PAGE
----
God’s Covenant Promise

I have been asked to write a short article for “Beacon Lights” in connection with the 50th anniversary of our Protestant Reformed denomination. The period of time that I’ve been requested to write about is the year 1953. Keeping in mind the theme of our Church’s anniversary. “God’s Covenant Faithfulness”, I will try to put down on paper my own experiences of that year.

January, 1953, found me 1300 miles from home in the uniform of the United States Marine Corps. My bride of six months, and I were living in a small apartment near Camp Le Jeune, North Carolina. This was the time of the so called “Korean Conflict” and most of the young men my age from our congregation in Pella had answered the draft call.

This was the first time in our lives that we were away from our Pella Church. We found a lot of truth in the saying “you never appreciate what you have until you have to do without it.” How we longed for the Sundays we had know, friends and family gathered together to hear God’s Word preached and to sing together God’s praises. But God was faithful, we found churches to attend and we made friends with other Christian young people. Now we fully appreciated the years spent under the preaching, and in catechism, and Young People’s Society in our Pella Church.

Spring came. My wife went back to Iowa and I was off to Puerto Rico for training in amphibious warfare. The months under the hot sun of the island were tiresome and lonely. But always there was mail-call! Letters from family, members of the congregation in Pella and our minister brought home and church life a little closer. Rev. Gritters started a “round robin” letter among the seven young men of our congregation who were in various branches of service. So, across the miles from Puerto Rico to Korea we shared our experiences and knew also God’s faithfulness in these times.

July, 1953, was am important month. I became a father. I was back in North Carolina at the time and heard the good news on the phone from my wife. Six weeks later I was home on leave and saw our new son. What a joy – what a responsibility. As I presented my son for baptism I thought of God’s Covenant Faithfulness – 3 generations, of our family, were now sitting in the pew of the Pella Protestant Reformed Church. It brought to mind the lessons I had learned in catechism. The Heidelberg Catechism in question and answer 74 mentions three grounds for infant baptism.

  1. Children are included in the covenant and church of God.
  2. The promise of the covenant (that is – the promise of redemption and of the Holy Ghost) is for them as well as for the adult.
  3. Baptism, as a sign of the covenant, must be applied to infants as well as adults.

“For as they (our children) are without their knowledge partakers of the condemnation in Adam so they are again received unto grace in Christ.”- Form for administration of Baptism.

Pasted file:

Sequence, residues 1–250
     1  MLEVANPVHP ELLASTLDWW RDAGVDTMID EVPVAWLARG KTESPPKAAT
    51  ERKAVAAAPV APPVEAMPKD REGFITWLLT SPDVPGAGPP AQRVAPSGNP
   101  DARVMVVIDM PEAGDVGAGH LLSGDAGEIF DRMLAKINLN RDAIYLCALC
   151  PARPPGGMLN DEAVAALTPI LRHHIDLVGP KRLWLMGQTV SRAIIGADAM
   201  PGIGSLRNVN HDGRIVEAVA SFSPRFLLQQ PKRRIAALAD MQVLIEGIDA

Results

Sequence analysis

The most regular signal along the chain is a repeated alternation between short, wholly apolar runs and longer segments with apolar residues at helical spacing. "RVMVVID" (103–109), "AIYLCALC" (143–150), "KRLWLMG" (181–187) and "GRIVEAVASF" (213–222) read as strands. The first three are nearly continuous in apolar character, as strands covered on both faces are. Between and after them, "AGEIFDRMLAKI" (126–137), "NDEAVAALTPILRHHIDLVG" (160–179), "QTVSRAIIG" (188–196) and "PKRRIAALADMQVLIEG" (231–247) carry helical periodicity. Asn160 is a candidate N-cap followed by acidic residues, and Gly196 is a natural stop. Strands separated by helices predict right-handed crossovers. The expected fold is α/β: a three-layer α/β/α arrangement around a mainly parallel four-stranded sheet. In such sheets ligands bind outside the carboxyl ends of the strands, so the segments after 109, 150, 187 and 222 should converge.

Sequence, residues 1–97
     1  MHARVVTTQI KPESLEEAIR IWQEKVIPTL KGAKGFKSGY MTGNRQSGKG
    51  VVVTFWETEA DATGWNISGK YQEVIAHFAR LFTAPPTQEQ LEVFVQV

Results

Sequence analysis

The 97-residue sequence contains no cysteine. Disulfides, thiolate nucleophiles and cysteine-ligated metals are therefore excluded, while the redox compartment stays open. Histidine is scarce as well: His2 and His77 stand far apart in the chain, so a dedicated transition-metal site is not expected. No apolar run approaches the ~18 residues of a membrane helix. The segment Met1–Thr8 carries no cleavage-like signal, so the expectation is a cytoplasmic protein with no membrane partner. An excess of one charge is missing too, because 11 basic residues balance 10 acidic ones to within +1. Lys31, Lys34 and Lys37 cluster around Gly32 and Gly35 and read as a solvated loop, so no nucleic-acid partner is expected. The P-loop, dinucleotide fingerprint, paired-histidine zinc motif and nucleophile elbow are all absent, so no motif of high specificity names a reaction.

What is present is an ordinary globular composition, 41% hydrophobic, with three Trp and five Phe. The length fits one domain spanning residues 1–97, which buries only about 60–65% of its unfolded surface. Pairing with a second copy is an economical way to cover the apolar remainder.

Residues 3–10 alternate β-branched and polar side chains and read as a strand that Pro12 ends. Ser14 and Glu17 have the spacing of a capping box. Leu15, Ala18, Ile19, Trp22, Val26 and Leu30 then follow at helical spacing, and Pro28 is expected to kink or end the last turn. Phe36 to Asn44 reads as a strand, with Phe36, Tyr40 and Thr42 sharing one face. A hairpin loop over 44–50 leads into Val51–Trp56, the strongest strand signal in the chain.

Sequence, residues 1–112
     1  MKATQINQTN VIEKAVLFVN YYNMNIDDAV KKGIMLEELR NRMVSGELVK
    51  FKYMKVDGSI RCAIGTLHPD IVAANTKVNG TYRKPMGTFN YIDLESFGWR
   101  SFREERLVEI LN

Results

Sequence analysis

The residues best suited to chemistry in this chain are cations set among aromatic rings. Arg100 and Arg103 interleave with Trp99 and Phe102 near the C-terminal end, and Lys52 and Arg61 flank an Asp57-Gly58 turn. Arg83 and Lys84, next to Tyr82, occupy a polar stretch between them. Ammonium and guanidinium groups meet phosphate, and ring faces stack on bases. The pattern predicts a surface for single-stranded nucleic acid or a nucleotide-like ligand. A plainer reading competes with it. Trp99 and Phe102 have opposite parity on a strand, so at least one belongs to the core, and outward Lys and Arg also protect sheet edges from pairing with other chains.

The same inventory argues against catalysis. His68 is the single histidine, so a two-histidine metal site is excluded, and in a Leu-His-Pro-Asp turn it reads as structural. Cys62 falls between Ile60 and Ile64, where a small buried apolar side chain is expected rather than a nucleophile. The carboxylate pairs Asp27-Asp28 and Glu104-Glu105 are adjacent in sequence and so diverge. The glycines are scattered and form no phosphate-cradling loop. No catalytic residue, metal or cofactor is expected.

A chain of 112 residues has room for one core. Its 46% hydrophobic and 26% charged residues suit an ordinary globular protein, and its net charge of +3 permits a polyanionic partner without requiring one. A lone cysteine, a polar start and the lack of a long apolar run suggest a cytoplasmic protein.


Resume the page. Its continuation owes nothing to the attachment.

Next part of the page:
Genesis 17:7 states: “I will establish my covenant between me and thee and thy seed after thee, in their generations, for an everlasting covenant, to be a God unto thee, and to thy seed after thee.”

Acts 2:39 says: “For the promise is unto you, and to your children, and to all that are afar off, even as many as the Lord our God shall call.”

Why are children included in the covenant? Because God establishes His covenant in the line of continued generations.

The questions and answers that I had memorized, sometimes reluctantly, rather than with an eagerness to learn, now took on a new and beautiful meaning.

Life in the congregation, as I remember it, was one of love and unity. The Pella congregation numbered about 35 families at this time. Our minister and consistory and fellow members were faithful in writing letters to us servicemen. Each Sunday we were remembered in the congregational prayers. We felt a very real bond of fellowship with the people of the church.

In later years, the year 1953 has come to mean a year of trouble and strife in our denomination. But 1953, in the Pella congregation was not so. We heard, of course, of trouble in the “East” but at that time we were united in life and doctrine in Pella.

I had almost a year of active duty ahead of me yet. This meant separation from family and church but always the knowledge that God was with me and all things works together for good to them that love God. And in His providence, all the servicemen from the Pella congregation returned in due time to take up life in their families and church again.

The life of a serviceman away from home is not one I would choose for myself or my sons. But looking back, I can see how God uses all such experiences to show His children that He is a faithful God.

It is always interesting and profitable to reminisce on bygone days, but more important we must live in the present and look to the future. May God give us grace to pray, “Oh God, cut us not off in our generations, but continue thy covenant with us, and with our seed after us, even until the day of our Lord Jesus Christ. Amen”